By Eliot, Thomas Stearns; Eliot, Thomas S.; Pound, Ezra; Pound, Ezra; Yeats, William Butler; Yeats, William B.; Pound, Ezra; Yeats, Yeats William Butler.; Eliot, Eliot Thomas Stearns.; Surette, Leon
From the again conceal of "The beginning of Modernism" - within the delivery of Modernism, Leon Surrete deals an intensive revision of our figuring out of excessive modernism. He develops a portrait of Modernism that demonstrates its continuity with American transcendentalism, French symbolisme, and English aestheticism and files, for the 1st time, the origins of modernist aesthetics within the occult. Yeats' occultism has lengthy been stated, yet this can be the 1st examine to teach that Pound's early intimacy with Yeats used to be dependent principally on a shared curiosity within the occult sciences, and that Pound's epic of the trendy age, The Cantos, is a deeply occult paintings
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Extra info for The birth of modernism : Ezra Pound, T.S. Eliot, W.B. Yeats, and the occult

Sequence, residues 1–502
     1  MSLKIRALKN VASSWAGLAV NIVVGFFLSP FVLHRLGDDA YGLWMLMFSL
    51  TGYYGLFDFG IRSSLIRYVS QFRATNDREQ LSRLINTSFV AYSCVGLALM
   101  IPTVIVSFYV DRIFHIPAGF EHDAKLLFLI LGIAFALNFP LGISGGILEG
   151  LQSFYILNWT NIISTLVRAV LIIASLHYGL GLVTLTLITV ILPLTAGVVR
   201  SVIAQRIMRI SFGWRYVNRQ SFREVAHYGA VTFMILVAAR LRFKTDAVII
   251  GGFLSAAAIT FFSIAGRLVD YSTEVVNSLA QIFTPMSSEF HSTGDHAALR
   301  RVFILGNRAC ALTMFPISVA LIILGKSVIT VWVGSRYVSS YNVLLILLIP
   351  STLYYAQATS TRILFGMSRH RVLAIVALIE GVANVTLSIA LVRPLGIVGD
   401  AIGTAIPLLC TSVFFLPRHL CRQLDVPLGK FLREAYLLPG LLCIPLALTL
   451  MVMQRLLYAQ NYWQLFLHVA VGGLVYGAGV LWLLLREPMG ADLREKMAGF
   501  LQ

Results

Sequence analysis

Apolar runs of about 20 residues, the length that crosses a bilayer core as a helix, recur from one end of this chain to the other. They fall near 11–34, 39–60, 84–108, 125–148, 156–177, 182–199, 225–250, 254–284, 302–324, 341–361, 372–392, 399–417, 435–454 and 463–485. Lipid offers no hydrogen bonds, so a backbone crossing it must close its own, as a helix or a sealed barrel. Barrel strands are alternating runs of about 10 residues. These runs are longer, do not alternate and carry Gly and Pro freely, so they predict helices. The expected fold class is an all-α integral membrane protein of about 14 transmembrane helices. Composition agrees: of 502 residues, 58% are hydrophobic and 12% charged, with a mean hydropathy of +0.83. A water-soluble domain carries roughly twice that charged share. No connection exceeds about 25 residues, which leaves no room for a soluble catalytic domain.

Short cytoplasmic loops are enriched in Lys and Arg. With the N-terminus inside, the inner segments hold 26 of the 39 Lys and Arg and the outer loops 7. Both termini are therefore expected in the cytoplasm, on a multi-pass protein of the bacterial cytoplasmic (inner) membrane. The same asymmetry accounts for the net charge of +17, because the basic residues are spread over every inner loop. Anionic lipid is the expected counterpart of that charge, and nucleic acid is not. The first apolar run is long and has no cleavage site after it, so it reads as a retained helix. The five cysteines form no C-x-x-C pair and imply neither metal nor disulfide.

Such activities are quite unlike the ritual practices of religions. They are not forms of worship but are more like athletic contests or spectacular shows. Typically, the object is to induce a ghost or divinity to inform the theurgist on some topic - the future, the past, or the nature of the world beyond the grave. Indeed, we are told that the point of the ancient mystery initiations was to learn of the world beyond the grave, a knowledge which bestows soteria, or "salvation," usually understood to mean immortality (Reitzenstein  1978, 64).
The central occult claim, then, is that all of the world's religions are partial, popularized, or even corrupt versions of a revelation, gnosis, or wisdom that is fully possessed only by a few extraordinary mortals - if, indeed, mortals they be. For some, it is accessible only (to quote Huxley again) to "those who have made themselves loving, pure in heart and poor in spirit" (Huxley  1985, 12-14). For others - such as Bulwer-Lytton's Mejnour - the wisdom is accessible to those who have the courage and ability to seize it.
The occult is equally concerned with history. Occultists typically seek to establish a line of transmission of the gnosis from high antiquity, through the classical and medieval worlds, to the present. " The secret tradition most clearly distinguishes occultists from ordinary mystics whose revelations conform to the dogmas of the religion to which they belong, be it Hindu, Buddhist, Christian, Hebrew, or Islamic - revelations that may be mysteries but are not secrets. ) The occult theme of the secret tradition coincides and overlaps with broader trends in modern literary and aesthetic culture: historicism, speculative philosophy of history, and metahistory.